A former Ugandan rebel commander, Dominic Ongwen, has been convicted of widespread and brutal war crimes including murder, torture, rape and sexual enslavement.
Ongwen was abducted as a teenager by the Lord's Resistance Army, but rose up the ranks to command one of the group's four main operational units with up to 800 fighters.
That background highlights the complexities of the International Criminal Court case; because he was conscripted as a child, Ongwen was both an alleged perpetrator and a victim.
His lawyers had called for his acquittal arguing that his mental health and capacity to make independent decisions had been affected by his brutal life.
[ICC judge Bertram Schmitt saying:] "He was not a puppet on a string"
But on Thursday (February 4) the ICC found Ongwen guilty on 61 out of 70 counts of war crimes and crimes against humanity carried out between 2002 and 2005.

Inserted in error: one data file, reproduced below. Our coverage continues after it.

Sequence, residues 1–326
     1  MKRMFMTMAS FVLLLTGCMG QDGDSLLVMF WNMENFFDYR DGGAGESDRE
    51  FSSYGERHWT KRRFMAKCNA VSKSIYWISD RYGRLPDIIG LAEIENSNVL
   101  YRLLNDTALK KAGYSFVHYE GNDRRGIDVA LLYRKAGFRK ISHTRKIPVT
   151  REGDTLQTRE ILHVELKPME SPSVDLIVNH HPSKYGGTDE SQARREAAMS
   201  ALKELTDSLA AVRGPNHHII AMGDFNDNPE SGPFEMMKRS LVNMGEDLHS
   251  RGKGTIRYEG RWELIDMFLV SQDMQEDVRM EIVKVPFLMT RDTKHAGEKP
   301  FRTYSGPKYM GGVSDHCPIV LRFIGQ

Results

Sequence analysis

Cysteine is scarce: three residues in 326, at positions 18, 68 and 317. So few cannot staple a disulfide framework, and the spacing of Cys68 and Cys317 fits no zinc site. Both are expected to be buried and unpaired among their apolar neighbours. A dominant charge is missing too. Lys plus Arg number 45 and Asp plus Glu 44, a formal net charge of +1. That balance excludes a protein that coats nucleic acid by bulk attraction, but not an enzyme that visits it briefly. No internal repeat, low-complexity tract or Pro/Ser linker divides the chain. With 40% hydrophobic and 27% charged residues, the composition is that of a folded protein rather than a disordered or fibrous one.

Presiding Judge Bertram Schmitt said there was "overwhelming evidence" that Ongwen had been in full possession of his mental capabilities.
"There exists no ground excluding Dominic Ongwen's criminal responsibility. His guilt has been established beyond any reasonable doubt."
The Lord's Resistance Army, led by the fugitive warlord Joseph Kony, terrorized Uganda for two decades.
The court found that Ongwen had ordered the killing and abduction of many civilians, personally taken sex slaves, and also forced children to fight in hostilities.
If they were unable to walk abductees were beaten to death. Babies were taken from their mothers and thrown away so they could carry looted goods to LRA's camps.
In a legal first, Ongwen was also convicted for the crime of forced pregnancy for atrocities committed against seven women.
He will be sentenced at a later date.